and they were at it again in the morning!


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Subject: RE: US Accordion history help!
From: Bob Bolton
Date: 18 Mar 06 - 01:16 AM

G'day Little Robyn,

"Thanks for the info - I had heard that the piano accordion was patented in 1856 but obviously not.

Robyn
"

I have a copy of Le Fisarmonische ("Piano-Accordions"), Fermo Galbiati & Nino Ciravegna, initerari d'imagini, Milano, 1987 ... basically a "catalogue raissoné" of a collection of "fisarmoniche" = "bellows-accordions" at the Museo miscellaneo Galbiati, in Brugherio. This collection actually holds example of a wide range of instruments: from ancestral button accordions (eg 'flautinas'), through all types of accordions, concertinas and portable reed harmoniums.

Although the museum's information (given in Italian and rather dubious English!) is often flawed - it is a useful gloss of the history of the accordion class of instrument. The fifth instrument ... after a c. 1835 Wheatstone prototype of his 'English system' concertina, an (alleged) 1840 Lachenal 'English system' concertina, an (allegedly) 1850 (and, presumably French) Harmoniette - very like the current Indian table "accordions" with a piano keyboard and no bass chords, a very complicated (and well-bassed!) c. 1850 Austrian button accordion ... is a (presumably French) Harmoniflute, which has a piano keyboard and may have some sort of bass system, but it is not described by the compiler.

It is my understanding that the French first applied an arrangement of piano keyboard giving a full chromatic range of several octaves, with reeds sounding the same note on both press and draw, in the mid 1850s ... but they did not devise a satisfactory system of bass chord and/or notes. The Italians solved the problem with the Stradella Bass System ... and the first such instrument in this catalogue is dated 1880 - and made in the town of Stradella.

If this "Harmoniflute" had any sort of bass system, it could be acurately described as an accordion (unlike the Harmoniette, with no bass chords) - but it was far short of a workable piano accordion.

Regards,

Bob


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Subject: RE: US Accordion history help!
From: georgeward
Date: 18 Mar 06 - 02:55 AM

I am quite charmed by DD's observation that the accordian produces "something akin to music," a point which some observers (Spaw ?) appear to miss.

In Spaw's defense, I have played accordian for most of my life, but never realized the amazing toxicity of "Lady of Spain" until an accordian-playing friend signed up for one of my pennywhistle classes. She straightway suggested that, for the final gathering of all the Old Songs classes this spring session, the* whistle* players should all play "Lady of Spain"!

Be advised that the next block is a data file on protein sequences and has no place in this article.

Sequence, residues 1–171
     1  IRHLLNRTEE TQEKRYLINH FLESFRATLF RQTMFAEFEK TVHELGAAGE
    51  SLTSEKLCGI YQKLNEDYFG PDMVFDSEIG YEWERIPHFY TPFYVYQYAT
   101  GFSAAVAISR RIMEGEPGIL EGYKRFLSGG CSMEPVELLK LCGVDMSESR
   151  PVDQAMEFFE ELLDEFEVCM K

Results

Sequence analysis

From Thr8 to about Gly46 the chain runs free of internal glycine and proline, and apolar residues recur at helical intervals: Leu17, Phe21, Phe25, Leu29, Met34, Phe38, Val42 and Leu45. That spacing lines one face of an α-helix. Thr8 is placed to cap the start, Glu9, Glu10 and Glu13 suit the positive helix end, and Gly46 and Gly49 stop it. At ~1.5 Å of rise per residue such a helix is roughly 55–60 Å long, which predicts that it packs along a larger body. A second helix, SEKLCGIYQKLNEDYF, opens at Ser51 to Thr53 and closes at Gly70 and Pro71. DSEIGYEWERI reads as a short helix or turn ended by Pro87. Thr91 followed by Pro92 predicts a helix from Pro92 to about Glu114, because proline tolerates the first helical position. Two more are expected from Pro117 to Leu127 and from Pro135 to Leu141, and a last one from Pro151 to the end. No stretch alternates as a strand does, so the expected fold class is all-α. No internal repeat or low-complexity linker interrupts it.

Bird flu be damned! Someone should wise the Center for Disease Control up to LOS.

And thanks to Animaterra and DD for posting the quite wonderful results of all this. Is it to be recited or sung ? Is there a tune ?

Thank goodness it doesn't really fit as a lyric to "Lady of Spain."

- George


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Subject: RE: US Accordion history help!
From: catspaw49
Date: 18 Mar 06 - 06:29 AM

Thank goodness it doesn't really fit as a lyric to "Lady of Spain."

- George


LOL!!! Ya' know the only thing that makes my joke funny at all is there actually IS a grain of truth in it!

A great laugh to start my day.....Thanks George!!!!

Spaw


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Subject: RE: US Accordion history help!
From: Little Robyn
Date: 18 Mar 06 - 03:05 PM

Hi Bob,
It was in one of those 'Today in history' things in the paper a few years back. It caught my interest because my folks originally came from Padstow, where various squeeze boxes are in over abundance every Mayday. I wondered if it was in my blood because of my ancestors but changed my mind when I found the accordion was patented while my family were on board a sailing ship coming out to NZ - sometime between 2 July and 20 October 1856.
Robyn


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Subject: RE: US Accordion history help!
From: georgeward
Date: 19 Mar 06 - 01:39 AM

A grain of truth there is indeed, Spaw. But I'm glad you had a good laugh. I owe you a few.

This would be a thread creep, but is there a "Lady of Spain" for every instrument, a tune so overdone and overidentified with the instrument as to diminish the instrument's merit in the eyes of the larger world ? At one time, "Listen to the Mockingbird" might have done that for the fiddle, for example.

Or does "Freebird" pretty much do it for all of music ?

- G


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Subject: RE: US Accordion history help!
From: The Fooles Troupe
Date: 21 Mar 06 - 06:57 PM

Hot Canary - violin


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Subject: RE: US Accordion history help!
From: georgeward
Date: 22 Mar 06 - 03:25 AM

Of Course!


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Subject: RE: US Accordion history help!
From: The Fooles Troupe
Date: 23 Mar 06 - 06:11 PM

Golden Wedding - Clarinet.